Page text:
Retiring Judge tells Donegal’s boy racers: ‘Stop!’

June 30, 2017

In a parting message to Donegal, retiring Circuit Court Judge John O’Hagan has warned boy racers in the county: ‘Stop’.

Judge O’Hagan was sitting at Letterkenny Circuit Court for the final time today.

Judge O’Hagan has been a Circuit Court Judge for the Northern Territory for the last 11 years.

The County Louth native, originally called to the bench in 1998, presided over cases at Letterkenny Courthouse today for the last time today and took some time to thank various people and to reflect.

Among the cases to have come before Judge O’Hagan during his time in Donegal was the horrific road traffic accident in Clonmany in July, 2010 that resulted in the death of eight people – the single biggest loss of life from a car crash in the history of the State.

Hugh Friel, Eamonn McDaid, James McEleney, Mark McLaughlin, Paul Doherty, PJ McLaughlin, Ciaran Sweeney and Damien McLaughlin all died as a result of the crash.

“The Gardai and the emergency services have had most awful experiences,” Judge O’Hagan said.

“The Clonmany crash…I always think about how that affected the emergency services who came on that scene. It must have been awful. I am sure many of them required counselling.

“The emergency services have a horrible job and they have a very difficult task.”

Judge O’Hagan told members of the media present in court that he wanted to get a strong message out.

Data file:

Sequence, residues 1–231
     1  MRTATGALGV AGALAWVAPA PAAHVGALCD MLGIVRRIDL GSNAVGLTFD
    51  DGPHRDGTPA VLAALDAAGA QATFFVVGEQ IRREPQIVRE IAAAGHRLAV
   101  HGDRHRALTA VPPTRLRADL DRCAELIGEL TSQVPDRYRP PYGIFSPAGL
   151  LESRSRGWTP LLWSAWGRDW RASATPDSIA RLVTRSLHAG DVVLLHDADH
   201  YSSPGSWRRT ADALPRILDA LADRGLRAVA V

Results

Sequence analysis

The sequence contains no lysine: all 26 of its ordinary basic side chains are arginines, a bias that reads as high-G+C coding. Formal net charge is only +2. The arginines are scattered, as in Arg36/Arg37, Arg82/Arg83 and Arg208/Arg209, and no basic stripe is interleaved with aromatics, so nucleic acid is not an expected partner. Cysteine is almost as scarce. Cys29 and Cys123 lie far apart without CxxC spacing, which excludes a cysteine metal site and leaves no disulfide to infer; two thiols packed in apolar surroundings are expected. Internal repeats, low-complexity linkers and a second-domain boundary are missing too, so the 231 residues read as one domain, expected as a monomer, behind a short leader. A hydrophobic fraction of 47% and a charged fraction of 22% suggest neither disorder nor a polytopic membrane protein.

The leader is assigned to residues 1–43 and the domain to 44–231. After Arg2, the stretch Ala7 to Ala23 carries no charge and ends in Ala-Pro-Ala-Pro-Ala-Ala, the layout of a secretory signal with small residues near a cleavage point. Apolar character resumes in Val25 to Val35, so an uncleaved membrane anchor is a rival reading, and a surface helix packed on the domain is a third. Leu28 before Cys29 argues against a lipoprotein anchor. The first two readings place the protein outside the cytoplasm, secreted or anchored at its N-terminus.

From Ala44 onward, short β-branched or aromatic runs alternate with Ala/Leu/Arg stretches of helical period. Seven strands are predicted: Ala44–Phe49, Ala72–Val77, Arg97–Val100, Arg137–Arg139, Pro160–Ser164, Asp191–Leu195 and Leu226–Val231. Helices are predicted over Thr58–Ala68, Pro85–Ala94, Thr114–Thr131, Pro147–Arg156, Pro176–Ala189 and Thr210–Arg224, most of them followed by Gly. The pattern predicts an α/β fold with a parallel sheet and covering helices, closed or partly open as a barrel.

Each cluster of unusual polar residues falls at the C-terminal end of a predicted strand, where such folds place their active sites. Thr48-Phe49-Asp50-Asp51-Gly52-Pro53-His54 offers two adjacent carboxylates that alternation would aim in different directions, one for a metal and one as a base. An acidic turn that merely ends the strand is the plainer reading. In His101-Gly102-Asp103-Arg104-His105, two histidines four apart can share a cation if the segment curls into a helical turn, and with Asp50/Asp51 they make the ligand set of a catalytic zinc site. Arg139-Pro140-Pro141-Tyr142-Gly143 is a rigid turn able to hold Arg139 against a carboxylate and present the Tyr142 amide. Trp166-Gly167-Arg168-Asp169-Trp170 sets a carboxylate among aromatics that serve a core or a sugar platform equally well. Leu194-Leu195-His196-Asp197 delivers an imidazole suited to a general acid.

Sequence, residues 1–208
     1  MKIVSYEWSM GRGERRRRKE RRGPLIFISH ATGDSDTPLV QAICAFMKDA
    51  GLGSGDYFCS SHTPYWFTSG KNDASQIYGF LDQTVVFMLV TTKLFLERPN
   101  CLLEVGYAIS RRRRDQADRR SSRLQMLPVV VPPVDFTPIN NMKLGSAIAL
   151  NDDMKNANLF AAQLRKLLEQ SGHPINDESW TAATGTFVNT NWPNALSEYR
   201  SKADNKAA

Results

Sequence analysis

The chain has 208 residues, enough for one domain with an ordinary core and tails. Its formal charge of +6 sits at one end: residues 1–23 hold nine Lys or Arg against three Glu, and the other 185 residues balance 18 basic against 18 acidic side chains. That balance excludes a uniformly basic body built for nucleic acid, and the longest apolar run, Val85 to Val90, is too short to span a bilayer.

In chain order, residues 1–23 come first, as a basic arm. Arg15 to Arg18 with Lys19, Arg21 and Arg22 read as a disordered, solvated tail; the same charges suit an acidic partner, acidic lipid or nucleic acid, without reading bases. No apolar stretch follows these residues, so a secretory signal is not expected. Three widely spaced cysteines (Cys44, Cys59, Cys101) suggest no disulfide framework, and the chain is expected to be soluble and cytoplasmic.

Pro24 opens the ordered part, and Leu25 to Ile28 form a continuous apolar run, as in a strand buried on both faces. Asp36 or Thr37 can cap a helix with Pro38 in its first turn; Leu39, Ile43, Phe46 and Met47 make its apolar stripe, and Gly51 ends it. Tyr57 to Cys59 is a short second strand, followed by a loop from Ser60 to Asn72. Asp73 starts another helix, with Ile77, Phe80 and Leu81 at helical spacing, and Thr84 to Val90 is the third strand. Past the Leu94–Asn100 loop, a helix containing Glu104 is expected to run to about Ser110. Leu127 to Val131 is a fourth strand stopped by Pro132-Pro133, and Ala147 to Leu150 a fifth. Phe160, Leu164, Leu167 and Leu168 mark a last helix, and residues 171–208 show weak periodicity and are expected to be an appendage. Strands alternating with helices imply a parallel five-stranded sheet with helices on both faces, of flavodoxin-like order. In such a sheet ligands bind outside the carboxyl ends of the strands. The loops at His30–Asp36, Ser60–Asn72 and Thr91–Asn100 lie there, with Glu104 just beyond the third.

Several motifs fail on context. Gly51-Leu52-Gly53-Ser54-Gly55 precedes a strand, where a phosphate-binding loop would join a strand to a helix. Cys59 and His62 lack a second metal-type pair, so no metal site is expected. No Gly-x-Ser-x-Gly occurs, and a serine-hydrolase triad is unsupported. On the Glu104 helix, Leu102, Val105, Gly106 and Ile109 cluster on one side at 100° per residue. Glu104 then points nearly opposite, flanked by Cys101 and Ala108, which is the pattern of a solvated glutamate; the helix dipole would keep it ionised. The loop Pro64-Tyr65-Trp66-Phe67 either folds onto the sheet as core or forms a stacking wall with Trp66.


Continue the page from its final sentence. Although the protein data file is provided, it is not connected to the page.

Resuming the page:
He said: “I am sick to the death of body racers, young men out killing themselves in cars. I hope they get the message. We need to get a strong message out there: Stop!

“The behaviour is not on. It may achieve something or not, but hopefully it will.”

Judge O’Hagan paid tribute to the Gardai, adding: “They have a difficult job. You could be the most heinous criminal in the country, but when you get burgled, the first thing you do is to ring the guards and you’d expect them to come and look after you like any other citizen. People don’t like uniforms, but they are necessary.

“Prison officers are the same. I see young men going to prison for the first time – country boys from Donegal who have never seen the inside of a prison before and are thrown into a restrictive environment – and the orison officers are terrific. They coach the guy along and make it as easy as possible.”